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Gayle Grant's secrets to a long and happy golfing life

 

July 23, 2021

Steve Korby

From left, Paul Brigan, Gayle Grant, Steve Rabideux and Jim Gault enjoy some Friday morning golf at Rugged Spruce Golf Club in Mahtowa earlier this summer.

It was a beautiful warm July summer day at the Rugged Spruce Golf Club in Mahtowa. About 25 golfers had played in the Friday morning golf scramble. After nine holes, most linksmen were grabbing for their water bottles and refueling, as recommended by experts, for the final nine holes. One golfer stood out from the crowd. He looked like he hadn't even broken a sweat.

His name is Gayle Grant, he's 88 years old, and he walks 18 holes pushing his cart at the Rugged Spruce every Friday. I had to know his secret and, indeed, what was in his water.

Gayle Grant was born in Indiana during the Great Depression in 1933. He suffered from rickets as a small child, a vitamin D deficiency that can cause poor growth development of bones. "I was always a runt, yet my brother was an athlete and had scholarship opportunities to prestigious universities," Grant said. His family moved to California and eventually Las Vegas when he was a kid. His dad was in the military aircraft business. Grant spent summers working in South Dakota, and graduated from high school in Las Vegas.

After watching the John Wayne movie, "The Sands of Iwo Jima," Grant and his friend decided to enlist in the Marines. They both had to wait until they were 18, since neither of their mothers would give them permission while they were 17. He eventually served six months in Korea until the conclusion of the conflict, and wrapped up his Marine military career as a sergeant guarding a Naval torpedo base in Washington state.

Grant spent most of working life as a supervisor at a grocery store chain in Las Vegas, where he met his wife. She was born in Duluth and moved to Vegas, and worked in produce at the same store. His bride was in charge of plants, having formerly worked at a nursery. They've been married 40 years now, not quite catching Jimmy and Rosalyn Carter's 75 years. They raised kids as well, one of whom - Gayle can't believe - is now collecting Medicare.

Grant eventually retired from the grocery business, moved to Minnesota, and bought a hobby farm near the golf club in Mahtowa. He, his wife and sister-in-law often volunteered at North Country Ride and even boarded the group's retired horses at their farm. The Grants have since moved to Wrenshall.

Weather permitting, our 88-year-old hero golfs three days a week: Mondays and Wednesdays at the Pine Hill Golf Club, and Fridays at Rugged Spruce. "I try to always walk unless playing on a bigger course other than the local tracks," he said. Grant started golfing in his 20s, once taking about a 10-year hiatus from the game. Since moving to Minnesota about 30 years ago, he has been a golf regular/addict.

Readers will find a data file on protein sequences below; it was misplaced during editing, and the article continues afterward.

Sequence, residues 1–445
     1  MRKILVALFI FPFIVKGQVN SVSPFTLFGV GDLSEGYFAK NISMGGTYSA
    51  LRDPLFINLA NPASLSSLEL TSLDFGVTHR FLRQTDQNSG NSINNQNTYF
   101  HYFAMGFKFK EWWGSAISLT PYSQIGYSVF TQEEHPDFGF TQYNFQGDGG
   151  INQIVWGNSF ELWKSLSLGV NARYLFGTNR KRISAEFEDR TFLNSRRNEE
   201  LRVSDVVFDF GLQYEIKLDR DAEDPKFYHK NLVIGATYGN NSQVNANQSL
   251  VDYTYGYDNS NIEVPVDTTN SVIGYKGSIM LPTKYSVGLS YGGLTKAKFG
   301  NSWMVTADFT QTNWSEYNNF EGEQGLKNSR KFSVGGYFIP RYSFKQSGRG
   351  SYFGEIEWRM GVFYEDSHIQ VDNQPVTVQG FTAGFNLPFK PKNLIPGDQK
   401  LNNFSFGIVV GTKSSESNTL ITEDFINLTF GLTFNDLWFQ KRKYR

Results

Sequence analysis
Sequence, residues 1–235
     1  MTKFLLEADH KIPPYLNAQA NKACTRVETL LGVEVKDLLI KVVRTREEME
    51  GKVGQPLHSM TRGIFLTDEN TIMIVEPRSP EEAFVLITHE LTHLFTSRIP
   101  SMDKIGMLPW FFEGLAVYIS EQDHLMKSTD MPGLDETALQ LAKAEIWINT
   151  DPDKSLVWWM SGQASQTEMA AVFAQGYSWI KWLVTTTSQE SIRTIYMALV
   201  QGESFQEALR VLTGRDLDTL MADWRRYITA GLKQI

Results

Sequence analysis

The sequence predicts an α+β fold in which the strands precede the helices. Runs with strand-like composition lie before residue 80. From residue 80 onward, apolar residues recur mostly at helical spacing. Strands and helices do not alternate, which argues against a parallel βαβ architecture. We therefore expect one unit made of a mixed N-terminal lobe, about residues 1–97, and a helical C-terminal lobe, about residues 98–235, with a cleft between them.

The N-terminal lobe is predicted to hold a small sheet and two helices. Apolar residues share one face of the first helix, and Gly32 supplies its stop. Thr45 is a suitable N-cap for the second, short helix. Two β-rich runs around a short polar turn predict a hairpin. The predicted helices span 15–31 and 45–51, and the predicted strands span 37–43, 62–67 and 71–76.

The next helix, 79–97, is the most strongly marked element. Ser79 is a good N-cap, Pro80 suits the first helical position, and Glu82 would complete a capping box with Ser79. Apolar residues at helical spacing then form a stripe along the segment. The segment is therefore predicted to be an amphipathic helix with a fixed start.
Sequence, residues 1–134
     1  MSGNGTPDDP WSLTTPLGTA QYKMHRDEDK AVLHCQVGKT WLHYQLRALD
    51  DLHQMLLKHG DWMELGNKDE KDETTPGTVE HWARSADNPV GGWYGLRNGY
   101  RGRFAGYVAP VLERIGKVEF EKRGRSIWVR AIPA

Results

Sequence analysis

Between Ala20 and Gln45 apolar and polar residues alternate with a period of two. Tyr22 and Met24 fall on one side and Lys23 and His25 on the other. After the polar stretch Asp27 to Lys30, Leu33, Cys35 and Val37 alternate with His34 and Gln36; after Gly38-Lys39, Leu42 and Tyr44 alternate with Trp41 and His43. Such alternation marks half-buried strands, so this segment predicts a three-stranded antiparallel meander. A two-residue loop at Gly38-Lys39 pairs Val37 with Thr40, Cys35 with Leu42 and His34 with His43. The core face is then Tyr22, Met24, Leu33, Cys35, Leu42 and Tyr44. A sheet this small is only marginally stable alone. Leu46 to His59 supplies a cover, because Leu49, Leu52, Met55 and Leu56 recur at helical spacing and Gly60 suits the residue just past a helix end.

I asked Gayle what he likes best about golf.

For him, three things come to mind. "It's the exercise, fresh air, and friendships that keep bringing me back," he said. "Other than church, it's the best place to meet new people."

With age and time, he says he loses about 5 more yards off the tee each year, but has "adjusted" to stay competitive.

Grant recalled how on a Friday morning golf scramble in Mahtowa about 25 years ago, his team and another tied for low score. Each team was to select their best player and then they would have a closest-to-the-pin shootout on the No. 1 hole. His team chose him. He hit a magnificent shot on the 180-yard hole and figured he had brought his team victory. Not to be outdone, his competitor hit an equally splendid shot. Both shots were resting on the green. It took a tape measure to determine the winner. Grant and his team lost by an inch.

As for some other golf heroics, Grant said he made a hole-in-one at Mahtowa, with about only eight people in the Clubhouse bar. "Just lucky it didn't cost me an arm and a leg to buy a round for those present!" he said.

Being a little more than 20 years younger than Gayle and craving that golf course and life longevity, I had to ask him what his secret is. Well, it just so happens his wife doesn't eat red meat, and he doesn't eat much red meat either, so their meals are often chicken or fish and lots of vegetables. He hasn't smoked cigarettes for 60 years since he and his wife had a baby who had asthma. He doesn't touch alcohol. Sounds just like what the doctor ordered. I should pay more attention.

Thanks to Gayle, a golf and life inspiration.

Steve Korby's interest in writing goes back to when he was in fourth grade and editor of the Scan-Satellite school newspaper in Scanlon. Steve loves sports, especially golf. He welcomes human interest stories and tales regarding Carlton County residents, projects, history, and plans.

 
 

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